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Microsoft’s Ballmer goes toe-to-toe with Chinese President over piracy

by Pete Mason on 21 January 2011, 16:39

Tags: Microsoft (NASDAQ:MSFT)

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How do you tell the leader of one of the world's most powerful countries - and economies - that his government's record on intellectual property abuse is unacceptable? Apparently, you send Microsoft CEO Steve Ballmer to do it for you.

President Obama recently welcomed a Chinese envoy - including President Hu - to the White House as a part of ongoing discussions on trade and international co-operation. Of course, intellectual property is always a hot-button issue at these talks given China's poor record on piracy, especially when it comes to digital media and software.

So Obama called in the big guns, bringing Microsoft CEO Steve Ballmer into the discussion. The software giant is known for its ongoing attempts to curb piracy, and as recently as last October, Ballmer went on record to slam the "extreme" use of illegal software by Chinese businesses.

Although details on what was actually said are scant, President Obama noted that "we were just in a meeting with business leaders, and Steve Ballmer of Microsoft pointed out that their estimate is that only one customer in every 10 of their products is actually paying for it in China.  And so can we get better enforcement, since that is an area where America excels -- intellectual property and high-value added products and services".

A TechNet blog post added that Ballmer raised, "[the] importance of intellectual property, or IP, to the future success and economic development of both countries, and noted the serious IP piracy problems that currently exist in China".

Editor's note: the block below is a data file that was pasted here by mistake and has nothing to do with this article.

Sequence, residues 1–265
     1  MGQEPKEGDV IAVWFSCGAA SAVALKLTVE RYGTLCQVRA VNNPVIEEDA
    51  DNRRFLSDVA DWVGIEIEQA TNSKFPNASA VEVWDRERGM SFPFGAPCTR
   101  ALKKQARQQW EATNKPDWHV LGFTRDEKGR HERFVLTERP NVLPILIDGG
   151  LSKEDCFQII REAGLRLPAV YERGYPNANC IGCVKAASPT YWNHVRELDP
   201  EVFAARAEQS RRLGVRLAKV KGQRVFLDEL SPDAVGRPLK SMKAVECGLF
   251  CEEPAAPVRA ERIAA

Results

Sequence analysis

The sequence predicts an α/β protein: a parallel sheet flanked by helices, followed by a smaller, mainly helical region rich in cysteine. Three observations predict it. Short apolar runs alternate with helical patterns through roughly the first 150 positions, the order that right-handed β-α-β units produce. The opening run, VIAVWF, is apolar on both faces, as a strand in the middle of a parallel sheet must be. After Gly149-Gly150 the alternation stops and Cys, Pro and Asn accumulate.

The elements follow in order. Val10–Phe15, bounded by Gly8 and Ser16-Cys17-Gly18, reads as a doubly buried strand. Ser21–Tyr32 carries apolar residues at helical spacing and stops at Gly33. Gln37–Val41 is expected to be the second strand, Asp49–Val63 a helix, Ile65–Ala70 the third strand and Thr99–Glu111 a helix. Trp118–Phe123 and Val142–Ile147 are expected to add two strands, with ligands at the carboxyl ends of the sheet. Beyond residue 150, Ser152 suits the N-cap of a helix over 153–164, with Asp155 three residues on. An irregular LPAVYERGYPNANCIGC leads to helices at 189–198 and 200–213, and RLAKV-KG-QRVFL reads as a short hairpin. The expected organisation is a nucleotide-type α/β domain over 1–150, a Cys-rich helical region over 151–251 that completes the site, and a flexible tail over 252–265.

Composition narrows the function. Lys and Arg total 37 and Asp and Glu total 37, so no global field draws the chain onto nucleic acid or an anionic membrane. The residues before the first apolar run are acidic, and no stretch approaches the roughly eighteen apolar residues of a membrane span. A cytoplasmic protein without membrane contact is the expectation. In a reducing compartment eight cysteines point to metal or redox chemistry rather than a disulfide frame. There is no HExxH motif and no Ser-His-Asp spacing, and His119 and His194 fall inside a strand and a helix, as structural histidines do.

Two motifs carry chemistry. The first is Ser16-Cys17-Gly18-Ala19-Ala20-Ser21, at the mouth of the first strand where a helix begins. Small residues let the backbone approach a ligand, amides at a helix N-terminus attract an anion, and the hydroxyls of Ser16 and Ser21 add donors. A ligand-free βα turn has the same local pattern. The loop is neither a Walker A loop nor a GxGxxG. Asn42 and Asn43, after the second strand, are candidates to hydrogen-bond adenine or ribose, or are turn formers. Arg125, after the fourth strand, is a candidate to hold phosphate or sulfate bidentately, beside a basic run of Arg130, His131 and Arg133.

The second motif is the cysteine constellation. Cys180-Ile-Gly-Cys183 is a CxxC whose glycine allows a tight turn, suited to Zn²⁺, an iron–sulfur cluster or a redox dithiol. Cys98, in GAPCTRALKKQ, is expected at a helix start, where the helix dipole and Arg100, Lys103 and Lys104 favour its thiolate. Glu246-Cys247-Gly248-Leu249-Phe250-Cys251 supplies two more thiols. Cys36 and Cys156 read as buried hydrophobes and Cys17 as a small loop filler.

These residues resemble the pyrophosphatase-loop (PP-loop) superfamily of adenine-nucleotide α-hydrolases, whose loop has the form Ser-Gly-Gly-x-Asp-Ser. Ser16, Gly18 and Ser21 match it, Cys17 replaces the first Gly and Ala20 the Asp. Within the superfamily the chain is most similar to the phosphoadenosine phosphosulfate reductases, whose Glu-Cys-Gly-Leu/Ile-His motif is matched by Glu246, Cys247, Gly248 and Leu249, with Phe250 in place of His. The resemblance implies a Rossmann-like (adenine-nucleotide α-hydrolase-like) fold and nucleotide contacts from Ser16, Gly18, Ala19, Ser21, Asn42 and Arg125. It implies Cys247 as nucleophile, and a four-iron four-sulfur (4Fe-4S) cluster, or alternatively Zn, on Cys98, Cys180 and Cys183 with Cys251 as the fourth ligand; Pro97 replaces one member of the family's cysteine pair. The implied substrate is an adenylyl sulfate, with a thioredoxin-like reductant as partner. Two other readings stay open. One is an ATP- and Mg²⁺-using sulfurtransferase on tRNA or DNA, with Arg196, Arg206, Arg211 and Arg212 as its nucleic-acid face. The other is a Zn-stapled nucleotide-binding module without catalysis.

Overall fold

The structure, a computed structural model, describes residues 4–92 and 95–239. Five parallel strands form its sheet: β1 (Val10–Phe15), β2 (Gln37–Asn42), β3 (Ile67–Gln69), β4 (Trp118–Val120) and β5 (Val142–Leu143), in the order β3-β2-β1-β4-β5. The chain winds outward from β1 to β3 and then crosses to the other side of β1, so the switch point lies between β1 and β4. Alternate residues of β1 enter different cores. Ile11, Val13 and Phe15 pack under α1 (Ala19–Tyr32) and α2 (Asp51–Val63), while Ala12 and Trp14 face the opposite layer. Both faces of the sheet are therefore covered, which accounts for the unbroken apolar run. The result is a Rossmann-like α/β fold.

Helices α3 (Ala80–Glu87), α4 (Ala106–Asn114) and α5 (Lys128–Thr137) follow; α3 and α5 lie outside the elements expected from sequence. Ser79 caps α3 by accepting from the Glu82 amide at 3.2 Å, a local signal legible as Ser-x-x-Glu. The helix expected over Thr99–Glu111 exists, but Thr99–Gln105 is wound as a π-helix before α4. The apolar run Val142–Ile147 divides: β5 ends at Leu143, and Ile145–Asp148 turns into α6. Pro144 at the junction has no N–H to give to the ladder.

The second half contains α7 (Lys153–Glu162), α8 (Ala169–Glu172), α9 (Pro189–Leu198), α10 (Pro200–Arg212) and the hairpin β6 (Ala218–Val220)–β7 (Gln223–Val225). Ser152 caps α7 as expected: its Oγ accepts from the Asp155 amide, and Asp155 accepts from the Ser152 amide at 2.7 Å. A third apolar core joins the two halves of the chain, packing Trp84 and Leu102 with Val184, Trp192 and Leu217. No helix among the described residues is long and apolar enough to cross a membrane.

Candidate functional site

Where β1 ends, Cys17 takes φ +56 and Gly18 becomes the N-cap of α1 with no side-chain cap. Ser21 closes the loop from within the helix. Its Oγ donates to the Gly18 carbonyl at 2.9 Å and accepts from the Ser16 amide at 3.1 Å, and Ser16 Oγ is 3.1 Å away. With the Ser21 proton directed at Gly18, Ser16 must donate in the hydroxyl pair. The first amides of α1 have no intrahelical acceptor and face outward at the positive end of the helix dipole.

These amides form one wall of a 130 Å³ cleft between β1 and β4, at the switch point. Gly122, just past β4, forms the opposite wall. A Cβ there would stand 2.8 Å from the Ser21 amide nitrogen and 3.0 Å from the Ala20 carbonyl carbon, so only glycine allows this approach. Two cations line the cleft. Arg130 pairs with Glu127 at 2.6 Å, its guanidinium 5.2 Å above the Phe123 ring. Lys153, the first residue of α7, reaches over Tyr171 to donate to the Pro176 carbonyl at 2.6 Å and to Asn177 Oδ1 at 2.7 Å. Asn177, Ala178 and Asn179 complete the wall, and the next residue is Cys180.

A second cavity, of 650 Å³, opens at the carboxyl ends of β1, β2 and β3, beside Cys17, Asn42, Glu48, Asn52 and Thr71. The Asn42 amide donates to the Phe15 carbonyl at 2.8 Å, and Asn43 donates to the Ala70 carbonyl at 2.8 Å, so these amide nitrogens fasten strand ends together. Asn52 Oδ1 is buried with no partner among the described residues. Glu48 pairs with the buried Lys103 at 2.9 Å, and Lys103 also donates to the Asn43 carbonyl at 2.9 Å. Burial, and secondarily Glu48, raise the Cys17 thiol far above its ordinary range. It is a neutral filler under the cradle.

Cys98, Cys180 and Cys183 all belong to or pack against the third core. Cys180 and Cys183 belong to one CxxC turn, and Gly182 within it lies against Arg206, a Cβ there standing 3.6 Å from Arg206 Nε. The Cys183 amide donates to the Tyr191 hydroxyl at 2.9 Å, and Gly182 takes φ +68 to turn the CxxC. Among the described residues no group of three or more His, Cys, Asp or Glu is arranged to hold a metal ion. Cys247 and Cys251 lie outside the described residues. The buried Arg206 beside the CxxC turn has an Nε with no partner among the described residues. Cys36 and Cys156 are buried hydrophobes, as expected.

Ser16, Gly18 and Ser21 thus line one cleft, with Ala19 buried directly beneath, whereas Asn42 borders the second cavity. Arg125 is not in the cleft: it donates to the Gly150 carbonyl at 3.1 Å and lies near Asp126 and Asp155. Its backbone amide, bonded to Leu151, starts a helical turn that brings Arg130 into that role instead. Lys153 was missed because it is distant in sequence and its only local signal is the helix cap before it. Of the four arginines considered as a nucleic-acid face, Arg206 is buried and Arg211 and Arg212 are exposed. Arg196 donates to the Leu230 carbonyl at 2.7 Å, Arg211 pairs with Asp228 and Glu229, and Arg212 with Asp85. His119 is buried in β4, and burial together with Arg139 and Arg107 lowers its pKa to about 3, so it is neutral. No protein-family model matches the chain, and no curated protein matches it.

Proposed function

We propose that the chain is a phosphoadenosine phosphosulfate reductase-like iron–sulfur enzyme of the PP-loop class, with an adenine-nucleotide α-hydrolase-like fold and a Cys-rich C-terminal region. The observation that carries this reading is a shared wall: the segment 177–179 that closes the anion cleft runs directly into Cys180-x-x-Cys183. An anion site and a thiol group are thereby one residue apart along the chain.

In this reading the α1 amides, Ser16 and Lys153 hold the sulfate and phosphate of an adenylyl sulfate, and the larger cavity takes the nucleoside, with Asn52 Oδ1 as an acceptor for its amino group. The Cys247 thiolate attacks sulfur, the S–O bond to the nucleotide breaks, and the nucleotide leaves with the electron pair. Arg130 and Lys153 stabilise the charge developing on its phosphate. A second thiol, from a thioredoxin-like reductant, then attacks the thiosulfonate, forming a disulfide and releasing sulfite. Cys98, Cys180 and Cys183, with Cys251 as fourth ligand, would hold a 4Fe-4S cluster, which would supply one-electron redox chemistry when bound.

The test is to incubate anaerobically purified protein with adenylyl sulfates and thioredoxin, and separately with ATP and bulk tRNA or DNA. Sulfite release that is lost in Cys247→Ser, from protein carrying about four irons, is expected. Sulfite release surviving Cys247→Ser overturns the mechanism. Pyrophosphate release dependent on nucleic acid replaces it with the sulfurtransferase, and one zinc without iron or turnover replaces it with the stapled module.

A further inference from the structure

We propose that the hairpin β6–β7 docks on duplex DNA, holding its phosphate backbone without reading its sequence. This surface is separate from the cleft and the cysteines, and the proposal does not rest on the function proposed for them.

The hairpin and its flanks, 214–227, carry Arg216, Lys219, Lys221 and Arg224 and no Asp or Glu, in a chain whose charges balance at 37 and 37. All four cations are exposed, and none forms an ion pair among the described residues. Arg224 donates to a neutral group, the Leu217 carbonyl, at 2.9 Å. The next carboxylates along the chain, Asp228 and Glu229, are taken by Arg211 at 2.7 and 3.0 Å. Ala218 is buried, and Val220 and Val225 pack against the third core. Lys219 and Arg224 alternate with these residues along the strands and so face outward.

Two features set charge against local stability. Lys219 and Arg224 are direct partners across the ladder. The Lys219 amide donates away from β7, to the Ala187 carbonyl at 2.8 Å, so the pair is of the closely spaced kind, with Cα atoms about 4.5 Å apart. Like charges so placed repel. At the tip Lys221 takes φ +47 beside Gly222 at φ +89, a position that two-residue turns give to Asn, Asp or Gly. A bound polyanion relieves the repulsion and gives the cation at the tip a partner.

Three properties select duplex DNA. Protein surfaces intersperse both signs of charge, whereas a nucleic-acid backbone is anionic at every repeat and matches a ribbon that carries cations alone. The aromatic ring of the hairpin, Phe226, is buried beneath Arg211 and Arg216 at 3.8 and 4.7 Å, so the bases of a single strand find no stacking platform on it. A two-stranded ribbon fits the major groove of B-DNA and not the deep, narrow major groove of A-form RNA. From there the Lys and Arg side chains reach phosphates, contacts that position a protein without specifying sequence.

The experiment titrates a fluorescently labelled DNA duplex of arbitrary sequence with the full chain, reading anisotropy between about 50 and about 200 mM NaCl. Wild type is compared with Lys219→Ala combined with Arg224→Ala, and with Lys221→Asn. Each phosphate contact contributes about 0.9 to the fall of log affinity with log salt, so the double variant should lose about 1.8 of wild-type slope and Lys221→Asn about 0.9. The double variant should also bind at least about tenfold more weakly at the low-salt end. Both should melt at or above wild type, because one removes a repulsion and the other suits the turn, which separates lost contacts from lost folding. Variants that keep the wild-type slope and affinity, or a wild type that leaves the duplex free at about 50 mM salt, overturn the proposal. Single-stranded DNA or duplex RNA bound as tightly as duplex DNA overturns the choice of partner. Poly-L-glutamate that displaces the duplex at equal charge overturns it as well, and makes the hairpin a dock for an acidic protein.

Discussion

Although we can't be sure, we assume Ballmer spent most of the meeting shouting, running around the room and generally trying to get the Chinese delegates hyped-up.



HEXUS Forums :: 74 Comments

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If they priced their product more reasonably and there were more benefits for buying it, then I'd imaging more people would buy it. In a global market, the price has got to be set somewhere, and I'm afraid that although it's a great bit of software, £80 per basic home copy, and £100+ for a business copy (for W7 Pro) is too much IMHO.

Lets face it, who actually gets £200 worth of use out of a version of Windows and Office. I've bought them several times over, and the fact that when a new version comes out you get a misery upgrade discount really IRKS me. Sooner pay for an annual subscription or a household license.
Although i'm as quick to grumble as you are about pricing, when i stop to think about my actual use of Microsoft I.P., in terms of cost verses time used, I reckon that it's one of the best value things i've bought.
Certainly more so than something like my TV, or my car.
(I recognise the flaw in my argument is that I need also to have hardware to use the software, however i'm looking from the point of view that i had WinXP and Ubuntu - and therefore the hardware - anyway, and buying Win 7 was my choice).
Probably only my iPhone runs it close from a cost vs time used perspective.
I can see Hu yawning from here.
MSIC
Although i'm as quick to grumble as you are about pricing, when i stop to think about my actual use of Microsoft I.P., in terms of cost verses time used, I reckon that it's one of the best value things i've bought.

Same here, I don't see how anyone could say it's overpriced considering what it does and how often you use it.
MonkeyL
Same here, I don't see how anyone could say it's overpriced considering what it does and how often you use it.
I constantly use my keyboard, it didn't cost me £120 to acquire it.